Five minutes of added time, but Everton's powder-puff attacking prowess was prettty much spent, Beckford repeatedly offside, while Wigan sniffed the chance to grab a winner but N'Zogbia got himself booked for dissent. That was finally it. Same old, same old... Seven painful games without a win since Moyes was proclaimed Manger of the Month...
Depending on your perspective, this was a valiant effort, foiled by a stalwart defensive performance from Wigan... or it was the usual pile of predictable frustrating rubbish from a throughly impotent Everton side that couldn't score in a brothel. I'm going with the latter, and another painful example of the manager's increasing inability to get things right on the day with what he said himself are the best set of players he has had in his long long stint at Goodison Park.
Frustration is the theme at Goodison Park these days as Everton clocked up their seventh game without a win with a goalless draw at home to Wigan Athletic, one of those "should win, must win" fixtures that are slipping by week by week and with them the Blues' European hopes.
That David Moyes's side deserved to win this game by a wide margin is beyond debate and yet, having controlled long periods of the match and passed up a number of chances to do just that, they were rescued in the dying minutes by Tim Howard who pulled off a crucial save to deny Ronnie Stam what would have been a cruel winner.
Everton should havebeen out of sight by then but a combination of over-elaborate approach play, poor finishing, fortunate defending and good goalkeeping conspired to keep the scoresheet blank and see the players booed off at the final whistle.
More worrying was the manner in which all their impetus seemed to vanish after Steven Pienaar went off with a recurrence of the anke injury that forced him off against Chelsea last weekend. With the South African almost certain to leave and Mikel Arteta a shadow of his former self right now, it's hard to see where the creative spark is going to come from without him.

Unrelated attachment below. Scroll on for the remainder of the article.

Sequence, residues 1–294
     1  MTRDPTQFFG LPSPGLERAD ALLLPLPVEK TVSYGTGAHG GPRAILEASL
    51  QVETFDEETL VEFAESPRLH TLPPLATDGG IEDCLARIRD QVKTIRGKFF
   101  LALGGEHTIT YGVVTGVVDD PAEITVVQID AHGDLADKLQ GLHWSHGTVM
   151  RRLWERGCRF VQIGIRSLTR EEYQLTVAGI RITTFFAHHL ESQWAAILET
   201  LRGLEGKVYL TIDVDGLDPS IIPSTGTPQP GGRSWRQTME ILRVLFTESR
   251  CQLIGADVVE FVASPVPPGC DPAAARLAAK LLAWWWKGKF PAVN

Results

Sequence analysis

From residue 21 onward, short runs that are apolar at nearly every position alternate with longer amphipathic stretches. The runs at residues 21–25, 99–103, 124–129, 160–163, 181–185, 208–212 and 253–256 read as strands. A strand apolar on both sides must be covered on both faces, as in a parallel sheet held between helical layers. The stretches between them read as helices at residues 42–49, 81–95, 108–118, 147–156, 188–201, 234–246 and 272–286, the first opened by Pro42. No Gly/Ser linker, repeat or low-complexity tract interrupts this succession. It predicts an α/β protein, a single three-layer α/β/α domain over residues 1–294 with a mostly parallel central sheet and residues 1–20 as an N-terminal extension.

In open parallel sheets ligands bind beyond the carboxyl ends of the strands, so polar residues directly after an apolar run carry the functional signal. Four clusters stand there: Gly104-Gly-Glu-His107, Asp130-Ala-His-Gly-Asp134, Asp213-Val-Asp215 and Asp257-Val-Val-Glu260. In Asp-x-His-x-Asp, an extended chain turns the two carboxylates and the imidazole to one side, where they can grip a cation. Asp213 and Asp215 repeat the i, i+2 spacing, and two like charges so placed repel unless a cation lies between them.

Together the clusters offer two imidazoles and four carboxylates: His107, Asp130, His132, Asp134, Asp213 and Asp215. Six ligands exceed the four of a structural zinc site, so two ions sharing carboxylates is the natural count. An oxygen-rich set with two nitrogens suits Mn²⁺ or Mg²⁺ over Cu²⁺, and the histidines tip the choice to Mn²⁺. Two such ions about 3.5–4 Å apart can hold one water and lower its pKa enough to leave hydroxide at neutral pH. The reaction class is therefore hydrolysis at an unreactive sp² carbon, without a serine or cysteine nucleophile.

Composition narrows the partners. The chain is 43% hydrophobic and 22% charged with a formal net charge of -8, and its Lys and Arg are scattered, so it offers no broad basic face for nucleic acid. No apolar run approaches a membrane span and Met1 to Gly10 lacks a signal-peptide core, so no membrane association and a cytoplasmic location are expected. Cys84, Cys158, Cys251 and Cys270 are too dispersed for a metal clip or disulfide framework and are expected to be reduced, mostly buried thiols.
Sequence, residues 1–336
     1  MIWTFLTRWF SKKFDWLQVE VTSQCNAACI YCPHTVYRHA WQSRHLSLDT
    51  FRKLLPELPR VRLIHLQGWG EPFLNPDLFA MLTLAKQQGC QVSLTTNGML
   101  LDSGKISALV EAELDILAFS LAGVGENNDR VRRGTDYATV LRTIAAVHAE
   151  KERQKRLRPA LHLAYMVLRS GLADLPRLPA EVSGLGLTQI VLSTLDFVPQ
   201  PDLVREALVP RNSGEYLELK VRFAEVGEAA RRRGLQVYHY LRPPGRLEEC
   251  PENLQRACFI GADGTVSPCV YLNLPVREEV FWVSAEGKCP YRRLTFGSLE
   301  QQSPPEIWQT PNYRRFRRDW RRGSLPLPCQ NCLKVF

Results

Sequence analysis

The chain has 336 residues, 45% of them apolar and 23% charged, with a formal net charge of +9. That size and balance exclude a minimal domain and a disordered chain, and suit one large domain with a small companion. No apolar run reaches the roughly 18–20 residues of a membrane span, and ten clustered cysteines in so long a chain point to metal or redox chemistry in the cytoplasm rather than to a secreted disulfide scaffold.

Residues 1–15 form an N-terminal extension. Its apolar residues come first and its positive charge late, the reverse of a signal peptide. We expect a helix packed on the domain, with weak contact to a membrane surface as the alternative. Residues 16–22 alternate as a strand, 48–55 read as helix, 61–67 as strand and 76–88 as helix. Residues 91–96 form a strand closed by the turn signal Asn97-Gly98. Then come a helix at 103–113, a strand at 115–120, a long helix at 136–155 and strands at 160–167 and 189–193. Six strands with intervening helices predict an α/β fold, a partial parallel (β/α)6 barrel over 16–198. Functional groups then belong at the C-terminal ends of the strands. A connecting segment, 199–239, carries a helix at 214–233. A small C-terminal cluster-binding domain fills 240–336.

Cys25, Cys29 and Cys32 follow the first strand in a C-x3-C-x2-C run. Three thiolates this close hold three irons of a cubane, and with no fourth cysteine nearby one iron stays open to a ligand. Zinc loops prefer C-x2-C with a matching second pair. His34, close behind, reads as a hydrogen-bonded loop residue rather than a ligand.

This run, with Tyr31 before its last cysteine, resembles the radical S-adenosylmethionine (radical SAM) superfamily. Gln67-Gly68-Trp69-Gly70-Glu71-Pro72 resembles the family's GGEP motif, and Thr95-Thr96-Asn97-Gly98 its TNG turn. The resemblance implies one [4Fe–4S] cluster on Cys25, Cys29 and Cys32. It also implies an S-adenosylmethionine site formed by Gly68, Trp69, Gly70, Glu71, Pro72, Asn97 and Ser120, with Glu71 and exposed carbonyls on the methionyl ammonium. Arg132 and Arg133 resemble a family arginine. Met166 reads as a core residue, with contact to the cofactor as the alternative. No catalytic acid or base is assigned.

No doubt buouyed by the second-half showing at Stamford Bridge, Moyes persisted with his time-worn 4-4-1-1 formation but kept faith with Louis Saha despite many predictions that Jermaine Beckford, the scorer of the equaliser against Chelsea, might get the nod to start.
And Everton set about their task in the manner in which their expectant home faithful would expect, Tim Cahill bringing down Phil Jagielka's raking ball forward in the first minute but just failing to get a true connection to guide it past the on-rushing Ali Al Habsi.
Seamus Coleman smashed a half-volley over the bar from 25 yards and Saha came within inches of getting a toe to Steven Pienaar's cross before the first stunning miss of the game arrived in the 11th minute. Leighton Baines swung a free kick in from the left and Marouane Fellaini was left all alone to meet it. Unfortunately, he planted his free header over the bar when he really should have buried it.
20 minutes later, Jack Rodwell found the target with a header and the ball was destined for the back of the net until Ben Watson's instinctive back header diverted it over the crossbar and Fellaini's tempting low cross across the face of goal just eluded Cahill shortly afterwards.
Though the Blues had played well enough in the first half, there was still a tendency to "over-egg the pudding", and there was growing frustration emanating from the stands as move after move foundered as the players tried to play one pass to many in and around the penalty area.